KCC also encourage the popularisation of K-pop (Korean pop) music culture — quintessential South Korean phenomenon with global appeal — in India. Pink Box Events is organising a ‘Summer start tour’ of the Wild Kard — a popular K-pop band —in India. They are going to perform in Delhi next month.

Lucy Nelia is from Nagaland and works for Pink Box Events. She has been to South Korea many times in the past few years and points out the similarities in Naga and Korean cuisines—similar herbs are used, fermented food with strong ordure, rice beer—to mention a few. “It’s easy for us to mould to Korean culture,” she says. Recollecting her first trip to Korea in 2015, she adds, “It felt like I was visiting my grandmother’s home.”

Not just the K-pop, but Korean cuisines are becoming popular in India. They hardly use oil and even though the food is mostly boiled, it is rich in flavours. There are many restaurants that serve Korean cuisines in Greater Noida and Gurugram. But some café-cum-restaurants have come up in South Delhi also. One of the popular ones is in Safdarjung Enclave called Dongne which means ‘the town’. A spacious place with white walls and an open kitchen, it is a bright chirpy place to eat out. It also houses a nail-polish studio. It was opened six months ago by Yun Seongho, 32 years of age, polite, affable and very shy. “I have a phobia of being photographed,” he says and forces a smile.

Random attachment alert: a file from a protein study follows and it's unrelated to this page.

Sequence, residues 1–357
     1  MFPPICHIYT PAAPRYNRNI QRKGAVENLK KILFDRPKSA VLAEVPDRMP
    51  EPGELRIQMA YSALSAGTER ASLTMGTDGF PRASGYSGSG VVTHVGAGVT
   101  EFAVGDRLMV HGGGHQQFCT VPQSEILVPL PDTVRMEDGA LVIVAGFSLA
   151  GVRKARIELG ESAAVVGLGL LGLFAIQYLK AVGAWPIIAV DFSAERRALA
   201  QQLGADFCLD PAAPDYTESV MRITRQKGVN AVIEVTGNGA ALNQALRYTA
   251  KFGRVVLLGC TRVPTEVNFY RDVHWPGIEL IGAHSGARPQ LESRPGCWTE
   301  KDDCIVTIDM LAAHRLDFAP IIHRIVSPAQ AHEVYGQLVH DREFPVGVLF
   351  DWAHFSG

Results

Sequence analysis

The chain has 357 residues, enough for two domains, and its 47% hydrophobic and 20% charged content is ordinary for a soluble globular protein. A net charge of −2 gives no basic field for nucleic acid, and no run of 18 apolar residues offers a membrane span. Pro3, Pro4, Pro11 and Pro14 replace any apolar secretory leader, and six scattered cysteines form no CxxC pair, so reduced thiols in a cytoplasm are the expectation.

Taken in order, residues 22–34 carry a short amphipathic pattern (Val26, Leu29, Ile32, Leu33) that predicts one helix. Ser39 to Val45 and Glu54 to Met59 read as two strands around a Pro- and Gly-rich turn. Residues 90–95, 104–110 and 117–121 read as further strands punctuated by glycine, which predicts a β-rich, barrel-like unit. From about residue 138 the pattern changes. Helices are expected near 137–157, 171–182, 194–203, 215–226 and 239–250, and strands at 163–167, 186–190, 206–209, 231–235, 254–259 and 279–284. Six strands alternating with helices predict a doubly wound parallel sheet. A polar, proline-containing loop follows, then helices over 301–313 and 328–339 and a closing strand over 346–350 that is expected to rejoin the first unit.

Seongho had barely entered his twenties when he first came to India as a tourist. He was so fascinated with the country that he decided to work here. Unlike many of the Koreans residing in Delhi-NCR, he didn’t have a secure job with a multinational. He’s an entrepreneur who setup his own businesses. He popularised Korean cuisine in Noida and Gurgoan, before opening Dongne in Delhi. The reason for shifting to Delhi is to popularise Korean cuisines among the locals —the restaurant is patronised mostly by Indians—and not just to cater to Koreans and East Asians.

Seongho finds the people in Delhi have a “wider spectrum” and are open to trying new cuisines, unlike majority of the denizens of Noida and Greater Noida, who come across to him as a little isolationist, “This is my world and that’s your world.” He feels responsible to give the natives the experience of real Korean flavours. Like he sources Chinese cabbage for Korean cuisines from Otty where its cultivated by native farmers. His favourite Indian food is aloo ka paratha, and he also likes to eat live Octopus—a Korean delicacy. But the best-selling item in Dongne is Kimchi fried rice.

Many of the Koreans working in the corporate sector are not willing to talk about their stay in India by name. “Koreans are private people and will not be seen in public places,” Jong explains. In many encounters that he has had with locals in a bar or elsewhere in Gurugram, many don’t even know that a country called Korea exists. He is often mistaken for a Manipuri, Assamese, Chinese or Japanese. “Koreans are not seen on Delhi street because people think we are Chinese,” Jong says with a laugh.